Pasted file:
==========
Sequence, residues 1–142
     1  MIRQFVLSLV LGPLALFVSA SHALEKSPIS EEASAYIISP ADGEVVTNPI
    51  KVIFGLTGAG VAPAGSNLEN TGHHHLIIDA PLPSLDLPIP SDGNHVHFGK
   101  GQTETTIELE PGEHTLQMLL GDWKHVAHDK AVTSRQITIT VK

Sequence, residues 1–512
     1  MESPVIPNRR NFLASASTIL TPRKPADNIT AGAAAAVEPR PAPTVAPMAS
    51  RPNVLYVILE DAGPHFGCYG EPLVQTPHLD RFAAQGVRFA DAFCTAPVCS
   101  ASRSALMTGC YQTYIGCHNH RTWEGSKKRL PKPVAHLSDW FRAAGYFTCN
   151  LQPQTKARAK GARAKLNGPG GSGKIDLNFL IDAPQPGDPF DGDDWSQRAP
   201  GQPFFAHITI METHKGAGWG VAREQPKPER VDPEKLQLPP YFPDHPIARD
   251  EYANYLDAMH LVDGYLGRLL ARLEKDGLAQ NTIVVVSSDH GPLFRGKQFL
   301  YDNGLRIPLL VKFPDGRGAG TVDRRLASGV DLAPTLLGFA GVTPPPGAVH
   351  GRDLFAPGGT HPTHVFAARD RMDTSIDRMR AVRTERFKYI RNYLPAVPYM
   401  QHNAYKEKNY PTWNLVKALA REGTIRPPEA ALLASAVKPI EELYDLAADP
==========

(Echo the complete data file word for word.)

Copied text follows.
Sequence, residues 1–142
     1  MIRQFVLSLV LGPLALFVSA SHALEKSPIS EEASAYIISP ADGEVVTNPI
    51  KVIFGLTGAG VAPAGSNLEN TGHHHLIIDA PLPSLDLPIP SDGNHVHFGK
   101  GQTETTIELE PGEHTLQMLL GDWKHVAHDK AVTSRQITIT VK

Sequence, residues 1–512
     1  MESPVIPNRR NFLASASTIL TPRKPADNIT AGAAAAVEPR PAPTVAPMAS
    51  RPNVLYVILE DAGPHFGCYG EPLVQTPHLD RFAAQGVRFA DAFCTAPVCS
   101  ASRSALMTGC YQTYIGCHNH RTWEGSKKRL PKPVAHLSDW FRAAGYFTCN
   151  LQPQTKARAK GARAKLNGPG GSGKIDLNFL IDAPQPGDPF DGDDWSQRAP
   201  GQPFFAHITI METHKGAGWG VAREQPKPER VDPEKLQLPP YFPDHPIARD
   251  EYANYLDAMH LVDGYLGRLL ARLEKDGLAQ NTIVVVSSDH GPLFRGKQFL
   301  YDNGLRIPLL VKFPDGRGAG TVDRRLASGV DLAPTLLGFA GVTPPPGAVH
   351  GRDLFAPGGT HPTHVFAARD RMDTSIDRMR AVRTERFKYI RNYLPAVPYM
   401  QHNAYKEKNY PTWNLVKALA REGTIRPPEA ALLASAVKPI EELYDLAADP